LET'S get real. The inner passages of the B.C. North Coast are no place for foreign-flag monster tankers loaded with diluted bitumen (dilbit).
Last August I made a formal submission to the Enbridge Joint Review Panel. Now, bombarded as we are by Enbridge full-page advertisements, I feel compelled to share my concerns more widely.
My experiences over more than 30 years on the B.C. Coast in 10 commercial and naval vessels as deckhand, bridge watchkeeper, navigator and captain, make me extremely concerned about the Enbridge proposal to ship, on a regular basis, huge quantities of dilbit from Kitimat out through Hecate Strait and Dixon Entrance to the Pacific.
Fair weather navigation in Douglas Channel, Squally Reach, Caamano Sound and Principe Channel requires precision and watchfulness even in a small vessel. The dangers attending a breakdown, misstep or inattention to duty escalate dramatically as vessel dimensions (and windage, turning characteristics, stopping distance etc.) increase. The deeper a shift's draft the more constrained the navigable channel becomes. Great range of tide, strong tidal currents and rapidly deteriorating weather - all typical of the North Coast - further complicate and can wreck the best laid plans for safe navigation.
I have sailed those waters in the flat calm of a sunny summer day, in thick fog, and in the driving rain squalls and buffeting of an autumn gale. My memories of Hecate Strait are that it can be idyllic and peaceful at one moment and then, within short hours, become a wasteland of howling winds and mountainous seas such as cause experienced mariners to grit their teeth and hang on tight. I was in the frigate HMCS Stettler there one night when we rolled sixty degrees to port, sustaining considerable damage down below. On another occasion, as my friends in the fleet oiler HMCS Provider related it, the 20,000 ton ship so nearly "stood on her nose" amid the monstrous waves of that extremely shallow strait that some on the bridge feared she might strike bottom. Recognized as the fourth most dangerous body of water in the world, 20 per cent of Hecate Strait has water depth of less than 20 metres. I wonder how a tanker drawing 60 or 70 feet might fare in a Hecate winter storm.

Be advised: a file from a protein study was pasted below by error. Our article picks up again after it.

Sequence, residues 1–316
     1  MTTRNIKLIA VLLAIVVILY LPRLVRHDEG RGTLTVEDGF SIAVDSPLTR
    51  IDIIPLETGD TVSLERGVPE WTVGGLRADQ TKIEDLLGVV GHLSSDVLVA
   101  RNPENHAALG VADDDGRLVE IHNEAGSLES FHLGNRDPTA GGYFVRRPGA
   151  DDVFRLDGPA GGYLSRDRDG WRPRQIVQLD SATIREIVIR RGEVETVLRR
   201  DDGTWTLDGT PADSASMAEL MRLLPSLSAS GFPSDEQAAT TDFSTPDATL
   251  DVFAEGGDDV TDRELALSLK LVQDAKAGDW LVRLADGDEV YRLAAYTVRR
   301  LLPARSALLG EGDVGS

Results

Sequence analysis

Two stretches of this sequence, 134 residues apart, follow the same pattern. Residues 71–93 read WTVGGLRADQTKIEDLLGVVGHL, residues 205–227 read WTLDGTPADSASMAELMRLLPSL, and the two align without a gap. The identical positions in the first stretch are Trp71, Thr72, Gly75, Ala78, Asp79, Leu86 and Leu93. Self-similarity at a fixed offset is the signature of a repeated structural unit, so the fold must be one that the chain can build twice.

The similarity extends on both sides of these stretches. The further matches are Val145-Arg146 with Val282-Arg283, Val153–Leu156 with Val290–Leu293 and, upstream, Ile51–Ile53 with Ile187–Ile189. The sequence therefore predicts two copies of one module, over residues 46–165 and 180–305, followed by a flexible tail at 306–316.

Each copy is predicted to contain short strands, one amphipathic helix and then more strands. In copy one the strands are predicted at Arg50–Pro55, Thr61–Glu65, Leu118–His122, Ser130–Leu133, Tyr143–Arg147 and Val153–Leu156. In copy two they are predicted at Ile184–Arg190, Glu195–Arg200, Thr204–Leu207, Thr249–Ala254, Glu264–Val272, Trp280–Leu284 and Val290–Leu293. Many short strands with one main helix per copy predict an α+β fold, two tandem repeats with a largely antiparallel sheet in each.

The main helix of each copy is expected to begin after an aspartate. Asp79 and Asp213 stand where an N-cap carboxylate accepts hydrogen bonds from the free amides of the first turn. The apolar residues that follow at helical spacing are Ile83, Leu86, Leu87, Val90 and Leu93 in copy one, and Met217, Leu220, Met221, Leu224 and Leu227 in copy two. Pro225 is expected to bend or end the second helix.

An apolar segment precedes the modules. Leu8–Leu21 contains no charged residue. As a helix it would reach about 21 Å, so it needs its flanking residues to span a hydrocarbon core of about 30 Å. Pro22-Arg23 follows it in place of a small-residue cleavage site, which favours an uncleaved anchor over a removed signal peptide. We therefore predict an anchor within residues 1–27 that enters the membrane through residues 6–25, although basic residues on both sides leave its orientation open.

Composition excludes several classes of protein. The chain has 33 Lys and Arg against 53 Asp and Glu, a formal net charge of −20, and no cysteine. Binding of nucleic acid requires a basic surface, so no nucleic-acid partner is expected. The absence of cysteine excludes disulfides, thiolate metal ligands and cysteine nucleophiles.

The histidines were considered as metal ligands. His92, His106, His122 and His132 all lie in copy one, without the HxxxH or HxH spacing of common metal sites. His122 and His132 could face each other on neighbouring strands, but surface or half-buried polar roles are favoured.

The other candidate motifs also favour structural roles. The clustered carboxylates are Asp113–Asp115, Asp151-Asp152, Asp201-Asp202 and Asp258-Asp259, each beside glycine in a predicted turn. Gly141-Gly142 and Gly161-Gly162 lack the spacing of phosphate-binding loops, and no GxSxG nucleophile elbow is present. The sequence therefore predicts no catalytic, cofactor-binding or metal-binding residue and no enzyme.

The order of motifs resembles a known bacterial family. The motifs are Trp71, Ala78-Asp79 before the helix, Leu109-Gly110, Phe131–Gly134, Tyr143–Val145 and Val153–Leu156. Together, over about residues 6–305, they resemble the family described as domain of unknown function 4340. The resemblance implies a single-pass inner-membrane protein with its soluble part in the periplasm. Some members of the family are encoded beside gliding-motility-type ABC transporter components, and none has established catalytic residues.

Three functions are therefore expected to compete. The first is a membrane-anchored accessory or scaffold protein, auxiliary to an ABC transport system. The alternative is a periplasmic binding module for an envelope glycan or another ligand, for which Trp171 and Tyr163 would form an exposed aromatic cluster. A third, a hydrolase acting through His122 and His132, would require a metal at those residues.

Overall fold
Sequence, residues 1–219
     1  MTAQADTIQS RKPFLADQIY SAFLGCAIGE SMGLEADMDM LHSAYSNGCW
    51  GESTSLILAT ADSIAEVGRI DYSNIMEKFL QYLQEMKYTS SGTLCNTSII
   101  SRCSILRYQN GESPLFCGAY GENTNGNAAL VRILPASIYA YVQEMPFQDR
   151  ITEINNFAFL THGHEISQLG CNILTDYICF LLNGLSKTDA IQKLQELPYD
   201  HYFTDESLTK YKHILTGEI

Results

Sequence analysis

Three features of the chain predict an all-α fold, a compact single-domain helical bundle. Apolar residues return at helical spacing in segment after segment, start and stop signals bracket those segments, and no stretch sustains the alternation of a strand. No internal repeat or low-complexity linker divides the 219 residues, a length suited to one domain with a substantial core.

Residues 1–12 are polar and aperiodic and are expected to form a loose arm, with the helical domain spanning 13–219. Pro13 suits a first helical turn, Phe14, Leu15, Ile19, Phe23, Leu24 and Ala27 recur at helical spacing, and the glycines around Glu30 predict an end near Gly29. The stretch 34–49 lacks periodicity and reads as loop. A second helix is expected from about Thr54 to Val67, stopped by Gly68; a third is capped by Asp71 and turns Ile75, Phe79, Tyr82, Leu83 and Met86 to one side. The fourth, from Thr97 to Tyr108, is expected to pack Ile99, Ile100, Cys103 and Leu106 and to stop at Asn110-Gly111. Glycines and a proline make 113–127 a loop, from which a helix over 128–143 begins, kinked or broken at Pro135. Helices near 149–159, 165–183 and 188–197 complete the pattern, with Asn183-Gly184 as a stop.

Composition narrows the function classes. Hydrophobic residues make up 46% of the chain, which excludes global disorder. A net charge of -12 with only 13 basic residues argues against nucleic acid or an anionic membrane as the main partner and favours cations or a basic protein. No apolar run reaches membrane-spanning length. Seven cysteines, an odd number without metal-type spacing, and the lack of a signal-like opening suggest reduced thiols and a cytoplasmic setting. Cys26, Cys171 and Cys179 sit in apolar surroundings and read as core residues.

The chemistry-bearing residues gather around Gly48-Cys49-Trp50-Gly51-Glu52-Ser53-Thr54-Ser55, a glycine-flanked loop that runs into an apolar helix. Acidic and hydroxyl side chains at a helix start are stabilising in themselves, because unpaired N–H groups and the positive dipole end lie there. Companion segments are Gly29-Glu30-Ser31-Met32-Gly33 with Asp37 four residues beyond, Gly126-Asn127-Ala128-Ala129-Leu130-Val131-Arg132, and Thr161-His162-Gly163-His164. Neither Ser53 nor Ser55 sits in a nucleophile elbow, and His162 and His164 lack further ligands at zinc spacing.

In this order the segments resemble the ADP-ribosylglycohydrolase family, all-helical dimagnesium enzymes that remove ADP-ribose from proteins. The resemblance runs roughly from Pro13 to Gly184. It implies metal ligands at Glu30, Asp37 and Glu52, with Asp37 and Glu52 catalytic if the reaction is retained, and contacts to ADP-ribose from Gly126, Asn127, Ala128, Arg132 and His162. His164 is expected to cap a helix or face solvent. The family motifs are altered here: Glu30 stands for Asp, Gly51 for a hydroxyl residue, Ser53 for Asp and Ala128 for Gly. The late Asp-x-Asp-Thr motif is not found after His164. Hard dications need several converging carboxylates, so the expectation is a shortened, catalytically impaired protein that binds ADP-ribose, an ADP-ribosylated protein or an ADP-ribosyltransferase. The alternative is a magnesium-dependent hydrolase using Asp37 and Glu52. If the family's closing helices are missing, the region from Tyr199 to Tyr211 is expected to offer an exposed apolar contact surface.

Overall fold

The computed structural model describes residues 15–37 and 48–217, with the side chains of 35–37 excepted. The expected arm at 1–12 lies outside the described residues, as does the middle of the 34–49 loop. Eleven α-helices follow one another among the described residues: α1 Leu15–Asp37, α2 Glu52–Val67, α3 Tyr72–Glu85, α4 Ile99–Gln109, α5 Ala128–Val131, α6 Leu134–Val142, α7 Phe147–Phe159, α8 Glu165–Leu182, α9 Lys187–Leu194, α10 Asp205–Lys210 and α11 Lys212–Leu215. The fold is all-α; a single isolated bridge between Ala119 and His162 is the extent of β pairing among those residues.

Risk is the product of likelihood that something will go wrong and the fallout if it does. Modern machinery, navigation aids, communications etc. can have zero failure rate, but those who operate the equipment, though better educated and trained than ever, always have been and surely will remain the major stumbling block to a foolproof system. Look no further than Titanic, Exxon Valdes, Queen of the North, Costa Concordia - all testament to human folly. Nor does the presence of a pilot on the bridge guarantee safe passage: We read that a senior B.C. pilot was directing the ship's movements when the Cape Apricot collided with the Westshore Terminal on Dec. 7, 2012 (Vancouver Sun, Dec. 18). Consider, too, that all the proposed tanker traffic would be in foreign-flag vessels, which do not always measure up to highest standards of safety, maintenance and crew competence.
The likelihood of a significant tanker accident between Kitimat and the Pacific may be very small, but it is finite.
The fallout could be horrendous. The Exxon legacy persists to this day in Cook Inlet. So does that of a much smaller spill closer to home and twice as long ago. In 1964, a barge carrying bunker oil sank in shallow water close to Mickey Island, near Vancouver, and leaked a dozen barrels a day into West Howe Sound for six-weeks until salvaged. Shorelines in the Pasley Island group were blackened to high tide mark, thousands of seabirds contaminated, and the bounteous oyster beds wiped out. Now, half a century later, there are far fewer seabirds, no oysters and the rocks still show black. All for a 500 barrel spill!
It appears that as yet only the World Wildlife Fund Canada - through studies by UBC Fisheries Centre and by the Centre for Marine Studies in Perth, Australia - has tackled seriously the possibility and impact of a major spill in North Coast waters. Big questions lie unanswered. Has the Canadian Coast Guard determined whether traditional crude oil spill clean-up techniques will work with dilbit? How will dilbit be dispersed by wind, sea and tide compared to crude? Is it more likely than crude to sink as the lighter properties evaporate? What toxins does it contain? How will all living things within the scope of such a spill be affected? If not contained or recovered, for how long will the spill site persist as an environmental hazard?
From what the climatologists keep telling us and from our own experience in recent seasons, it seems prudent to expect that extreme weather incidents will occur more frequently in years to come. The B.C. North Coast will not be immune. Driving a huge dilbit laden tanker through a treacherous channel in a North Coast winter gale invites disaster.
The finite likelihood of a tanker accident - no matter how remote - multiplied by the potentially catastrophic fallout from a major spill of diluted bitumen into northern B.C. waters constitutes a risk no thinking Canadian can afford to accept.
Roger Sweeny is a retired naval commander and a master mariner. He lives in West Vancouver.